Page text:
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Adam Smith's Invisible Hands


  • Peter Minowitz


William Grampp’s JPE article on Adam Smith is creative and provocative. It errs, however, by disparaging the invisible hand’s importance as a symbol of various economic processes that help societies prosper in ways that individuals neither intend nor comprehend. Four specific problems stand out. First, Grampp unsoundly tries to limit the relevance of the invisible hand within the Wealth of Nations to situations in which a merchant increases domestic capital and strengthens national defense. Second, Grampp presents an oversimplified account of WN’s treatment of international relations. Third he conspicuously misinterprets the trickle-down process of The Theory of Moral Sentiments, where Smith argues that an invisible hand promotes the welfare of the poor despite the greed of the rich. Fourth, by failing to plumb the connection between these two invisible hands—and by dismissing the relevance of a third invisible hand, which Smith elsewhere invokes to illustrate the superstitious outlook that pervades “primitive†societies—Grampp overlooks the complex interrelationships between Smith’s two books. Whereas WN presents the invisible hand in an atheistic context, the TMS version seems to be the hand of God; this religious contrast mirrors TMS’s more optimistic perspective on the poor and its more ambivalent evaluation of “riches and power.†Grampp is wise to stress the inconsistencies, puzzles, and exaggerations that Smith bequeathed to his readers. But some of Grampp’s criticisms are glib, and he deserves blame for trivializing the invisible hand. The three invisible hands, I argue, not only illuminate the rhetorical strategies that helped Smith influence institutions and public policies; they also signal his commitment to promoting curiosity and inquiry.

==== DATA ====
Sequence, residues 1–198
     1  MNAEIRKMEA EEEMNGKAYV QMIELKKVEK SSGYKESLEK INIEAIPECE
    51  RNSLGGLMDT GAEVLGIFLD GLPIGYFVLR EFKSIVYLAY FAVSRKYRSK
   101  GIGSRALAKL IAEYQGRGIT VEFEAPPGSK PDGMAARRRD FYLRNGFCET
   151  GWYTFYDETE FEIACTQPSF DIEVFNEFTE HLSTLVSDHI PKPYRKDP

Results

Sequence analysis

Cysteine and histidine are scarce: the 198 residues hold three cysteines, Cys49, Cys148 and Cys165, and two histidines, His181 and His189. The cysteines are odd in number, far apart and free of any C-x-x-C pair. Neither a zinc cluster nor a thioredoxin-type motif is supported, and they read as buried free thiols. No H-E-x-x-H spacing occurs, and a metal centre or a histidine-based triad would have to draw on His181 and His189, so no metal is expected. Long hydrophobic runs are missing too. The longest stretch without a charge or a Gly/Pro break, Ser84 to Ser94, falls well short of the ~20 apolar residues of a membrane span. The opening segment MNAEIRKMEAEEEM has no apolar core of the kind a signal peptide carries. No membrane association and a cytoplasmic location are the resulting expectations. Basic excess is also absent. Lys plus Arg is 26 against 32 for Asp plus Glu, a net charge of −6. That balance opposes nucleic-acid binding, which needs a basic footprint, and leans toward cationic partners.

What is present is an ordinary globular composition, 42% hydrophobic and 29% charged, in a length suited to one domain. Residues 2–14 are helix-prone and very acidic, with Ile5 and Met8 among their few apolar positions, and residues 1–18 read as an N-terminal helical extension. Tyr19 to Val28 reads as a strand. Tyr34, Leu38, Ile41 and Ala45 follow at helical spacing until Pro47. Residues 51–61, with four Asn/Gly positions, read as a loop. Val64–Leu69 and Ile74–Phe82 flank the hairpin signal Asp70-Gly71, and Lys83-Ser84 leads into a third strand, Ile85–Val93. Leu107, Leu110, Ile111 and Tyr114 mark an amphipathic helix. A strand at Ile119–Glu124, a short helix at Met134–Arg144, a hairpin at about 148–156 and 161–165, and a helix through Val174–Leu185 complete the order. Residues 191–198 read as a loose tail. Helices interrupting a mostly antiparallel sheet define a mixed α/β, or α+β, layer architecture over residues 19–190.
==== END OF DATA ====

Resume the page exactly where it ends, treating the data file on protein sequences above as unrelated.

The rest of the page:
Suggested Citation

  • Peter Minowitz, 2004. "Adam Smith's Invisible Hands," Econ Journal Watch, Econ Journal Watch, vol. 1(3), pages 381-412, December.
  • Handle: RePEc:ejw:journl:v:1:y:2004:i:3:p:381-412

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    More about this item


    Adam Smith; invisible hand; Wealth of Nations; Theory of Moral Sentiments;

    JEL classification:

    • A12 - General Economics and Teaching - - General Economics - - - Relation of Economics to Other Disciplines
    • A13 - General Economics and Teaching - - General Economics - - - Relation of Economics to Social Values
    • A31 - General Economics and Teaching - - Multisubject Collective Works - - - Multisubject Collected Writings of Individuals
    • B12 - Schools of Economic Thought and Methodology - - History of Economic Thought through 1925 - - - Classical (includes Adam Smith)
    • B31 - Schools of Economic Thought and Methodology - - History of Economic Thought: Individuals - - - Individuals
    • Z12 - Other Special Topics - - Cultural Economics - - - Religion


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